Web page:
4 1- Difficulties in using IOPCF A first difficulty concerns the difficulty for victims to understand and use IOPCF procedures, which sometimes appears to be too complex. Problems also arise concerning transparency in the way the funds operate, in particular regarding the quantification of damages between estimations made by victims, and the amounts recognised. Although the setting up of the IOPCF represented a big step towards speeding up the allocation of compensation, despite everything, delays exist. These delays particularly result from the need and therefore the willingness for a victim to obtain full compensation. Delays result from many round trips between the applicant and the expert, since the IOPCF sets strict rules of eligibility of damages and assessment documents. This mainly concerns major pollutions, like in the Erika case, which sometimes need to go back before national courts. IOPCF compensation appears quick enough even if liability limits could create delays for major damages. However, at present, IOPCF remains clearly the most effective way to provide compensations to victims. In addition, obtaining supplementary funds by numerous States raises a certain number of limits relating to compensation ceilings. 2- Limits set by IOPCF ceilings The IOPCF Convention sets maximum ceilings for amounts that can be paid by shipowners in compensation for damages. In the case of very expensive damages, the existence of these ceilings does not allow victims to get full compensation in the framework of the IOPCF. The CLC Convention would make it possible to get compensation for more expensive damages, but only for those resulting from shipowner s personal act or omission, committed with the intent to cause damage, or recklessly and with knowledge that such damage would probably result. However, in this case, the question arises of solvency of the wrongdoer. As a consequence, and paradoxically, victims from pollution with very costly consequences are not as well-covered as victims from pollution with less expensive consequences. The adoption of supplementary funds will eventually overcome these limits. Experience in the operation of this Fund will provide answers. In this context, the European Union acted in favour of better compensation, beyond limits existing today in the framework of the IOPCF. In 1992, under pressure from the European Union, IOPCF ceilings were already increased by 50% to around 300 million EUR 8. As an example, the cost of damages caused by the Erika disaster was estimated at around 850 million EUR 9, of which only 180 million could be covered in the framework of the IOPCF. In 2003, again with the support of the European Union, IOPCF limits were raised to 900 Million EUR 10, and a Supplementary Fund was created. However, only 20 countries ratified the creation of this supplementary fund. Such a situation creates a strong disparity, since the ceiling for States which did not ratify this measure remains at 300 million EUR. Similarly, the limits of liability in the LLMC Convention do not really allow for the possibility to cover environmental damage. Priorities for compensation combined with the limits of liability for the funds established by the Convention mean that full compensation for ecological damage cannot be guaranteed. The Convention on maritime claims does not therefore allow for real compensation for environmental damage to sea waters. The IOPCF system seems then to be more effective in compensating ecological damage than the LLMC Convention. 3- The lack of ratifications for the HNS Convention The HNS Convention covers the scope of compensations for hazardous and noxious substances. The ratification process allowing it to enter into force is still not yet complete. As a result, damage caused by substances covered by the HNS Convention cannot be covered by a specific mechanism. They come under the classic rules of maritime claims. In order to accelerate the process, a protocol was adopted in 2010 in the framework of the IMO. This protocol will enter into force 18 months after the date on which it is ratified by at least twelve States, including four States each with not less than 2 million units of gross tonnage. It is open for signature at the IMO until http://europa.eu/rapid/pressReleasesAction.do?reference=IP/03/701&format=HTML&aged=1&language=EN&guiL anguage=en Resulting from Accidents in European Marine Waters - Reference CRPMDTR B3 February 2012 p. 4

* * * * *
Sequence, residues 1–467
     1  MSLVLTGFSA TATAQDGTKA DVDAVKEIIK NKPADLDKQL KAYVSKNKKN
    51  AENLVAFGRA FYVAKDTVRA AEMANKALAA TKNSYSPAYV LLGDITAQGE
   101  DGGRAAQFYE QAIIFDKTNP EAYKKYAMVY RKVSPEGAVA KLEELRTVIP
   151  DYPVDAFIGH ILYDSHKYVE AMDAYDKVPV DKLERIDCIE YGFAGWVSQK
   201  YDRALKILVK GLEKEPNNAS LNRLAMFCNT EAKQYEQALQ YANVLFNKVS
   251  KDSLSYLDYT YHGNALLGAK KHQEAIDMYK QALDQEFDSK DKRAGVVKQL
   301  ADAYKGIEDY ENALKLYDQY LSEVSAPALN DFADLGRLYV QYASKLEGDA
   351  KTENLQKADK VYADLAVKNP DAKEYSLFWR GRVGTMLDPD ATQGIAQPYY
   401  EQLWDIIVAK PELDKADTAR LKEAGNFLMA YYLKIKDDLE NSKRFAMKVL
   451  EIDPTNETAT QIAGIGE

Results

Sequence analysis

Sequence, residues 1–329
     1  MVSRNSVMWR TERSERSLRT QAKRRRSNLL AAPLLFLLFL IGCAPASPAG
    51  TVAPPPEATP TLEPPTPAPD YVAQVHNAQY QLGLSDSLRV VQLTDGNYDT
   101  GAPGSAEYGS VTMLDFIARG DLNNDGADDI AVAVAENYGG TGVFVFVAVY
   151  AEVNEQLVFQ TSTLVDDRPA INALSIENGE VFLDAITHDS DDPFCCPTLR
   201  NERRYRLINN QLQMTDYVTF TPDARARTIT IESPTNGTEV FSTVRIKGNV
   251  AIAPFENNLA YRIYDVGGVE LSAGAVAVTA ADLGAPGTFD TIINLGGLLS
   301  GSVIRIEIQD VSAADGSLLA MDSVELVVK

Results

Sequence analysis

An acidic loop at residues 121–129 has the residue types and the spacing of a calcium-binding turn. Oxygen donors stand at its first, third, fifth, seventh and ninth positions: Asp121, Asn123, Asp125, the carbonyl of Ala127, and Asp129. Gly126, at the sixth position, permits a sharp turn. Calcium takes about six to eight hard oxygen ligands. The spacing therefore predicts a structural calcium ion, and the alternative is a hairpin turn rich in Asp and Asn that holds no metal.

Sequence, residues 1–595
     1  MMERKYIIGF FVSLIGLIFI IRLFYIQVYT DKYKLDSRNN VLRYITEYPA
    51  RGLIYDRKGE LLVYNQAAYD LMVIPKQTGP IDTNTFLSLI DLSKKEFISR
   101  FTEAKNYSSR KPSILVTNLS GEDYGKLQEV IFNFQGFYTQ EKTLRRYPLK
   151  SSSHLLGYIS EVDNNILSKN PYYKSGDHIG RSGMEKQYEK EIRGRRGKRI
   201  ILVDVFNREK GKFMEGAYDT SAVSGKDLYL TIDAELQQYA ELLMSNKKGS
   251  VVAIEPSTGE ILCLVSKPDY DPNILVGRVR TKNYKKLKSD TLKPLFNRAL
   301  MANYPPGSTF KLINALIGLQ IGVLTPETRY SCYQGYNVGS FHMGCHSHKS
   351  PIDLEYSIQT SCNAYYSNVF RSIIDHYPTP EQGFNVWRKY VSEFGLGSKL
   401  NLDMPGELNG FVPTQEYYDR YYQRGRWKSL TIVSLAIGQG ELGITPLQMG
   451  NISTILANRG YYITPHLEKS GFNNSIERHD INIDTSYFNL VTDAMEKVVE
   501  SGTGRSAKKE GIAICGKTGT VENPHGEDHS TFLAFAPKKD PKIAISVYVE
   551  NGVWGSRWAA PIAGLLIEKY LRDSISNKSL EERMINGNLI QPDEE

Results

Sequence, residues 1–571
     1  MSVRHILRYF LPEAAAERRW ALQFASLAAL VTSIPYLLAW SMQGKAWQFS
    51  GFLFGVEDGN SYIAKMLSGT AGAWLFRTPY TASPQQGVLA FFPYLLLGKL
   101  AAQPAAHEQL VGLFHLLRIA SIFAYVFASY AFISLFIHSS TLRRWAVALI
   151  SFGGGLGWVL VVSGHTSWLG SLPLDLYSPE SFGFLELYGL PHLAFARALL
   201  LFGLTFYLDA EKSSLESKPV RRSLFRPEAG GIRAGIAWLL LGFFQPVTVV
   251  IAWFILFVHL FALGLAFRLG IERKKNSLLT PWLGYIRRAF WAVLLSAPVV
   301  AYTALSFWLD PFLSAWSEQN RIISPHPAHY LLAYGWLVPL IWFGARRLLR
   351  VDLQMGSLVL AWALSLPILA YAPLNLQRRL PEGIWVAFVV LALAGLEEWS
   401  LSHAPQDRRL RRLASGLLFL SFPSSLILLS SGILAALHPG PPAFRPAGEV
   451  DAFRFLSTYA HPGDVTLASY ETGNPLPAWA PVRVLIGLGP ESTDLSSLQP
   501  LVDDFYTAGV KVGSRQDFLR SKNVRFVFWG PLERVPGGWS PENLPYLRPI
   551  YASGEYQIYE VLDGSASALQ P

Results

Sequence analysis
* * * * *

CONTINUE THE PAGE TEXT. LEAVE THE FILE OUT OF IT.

5 October Implementation of this agreement should help greatly improve the compensation for damages resulting from damages covered by the Convention. B) Possible ways forward Stepping up the rules concerning environmental damage and compensation would improve compliance with maritime safety rules in third countries and reduce the risk of accidents and pollution in EU waters. At international level - Should rules for the recognition of ecological damage be changed? The 2003 agreement introduced a Supplementary fund in the framework of the IOPCF, and raised IOPCF ceilings to 900 million EUR. Rather than the creation of an international fund dedicated to environmental damage, which would involve the risk of a new international differentiation between States, we might consider making the international rules on the recognition of compensatory ecological damage more flexible, or even consider revising the system of insurance for maritime claims set out in the LLMC Convention, even though this possibility seems less feasible. 1- At EU level Could rules for compensation for ecological damage be better harmonized across Member States? Another solution could consist in better harmonization of Member States rules dealing with compensation for ecological damage. This would for instance allow a convergence of rules and methods used for the definition and assessment of environmental damage. Should a specific European fund for compensation for ecological damage be created? Towards a specific fund for damage caused by Offshore platforms in parallel to the review of the ELD Directive? In 2000, the European Commission suggested setting up a COPE fund 11 (Compensation for Oil Pollution in European waters fund) aiming at remedying shortcomings observed at international level. The COPE fund would have covered damages exceeding ceilings set in the framework of the IOPCF. The COPE project was however abandoned after the agreement creating the IOPCF compensatory fund in Acting at international level seemed a better option than an initiative taken at the sole level of the European Union. Considering however the current impossibility to cover ecological damage through the IOPCF, could the creation of a specific European fund be discussed again as an option? It seems that such an option could seriously be discussed in parallel to the review of the ELD directive. The setting-up of a specific fund would have the purpose of facilitating compensation for damage resulting from offshore platforms in cases where the organizations responsible for these platforms do not have the financial capacity to compensate damages. Should the role of EU agencies evolve? Both the creation of a specific EU fund or an upgrading of EU or national rules could imply a greater role for EU Agencies such as EMSA or the EEA, which could have the role of managing the fund or monitoring the implementation of EU legislation or the harmonization of national legislation. The issue of the management by a European agency of the monitoring of offshore platforms will be discussed at a later stage. Should role of the European Union at International level be increased? The EU has only an observer status in the framework of the IMO. Therefore, the EU cannot participate in the votes concerning international conventions, even if over the past few years it has increased its presence, alongside EU Member-States, within the IMO. Any future action of the EU concerning compensation for ecological damage must be coordinated as much as possible with the rules and organizations existing at international levels, and therefore raises the issue of the specific role of the European Union at international level. In the future, should the EU be a full member in the IMO and fully coordinate positions of the Member States? 11 Resulting from Accidents in European Marine Waters - Reference CRPMDTR B3 February 2012 p. 5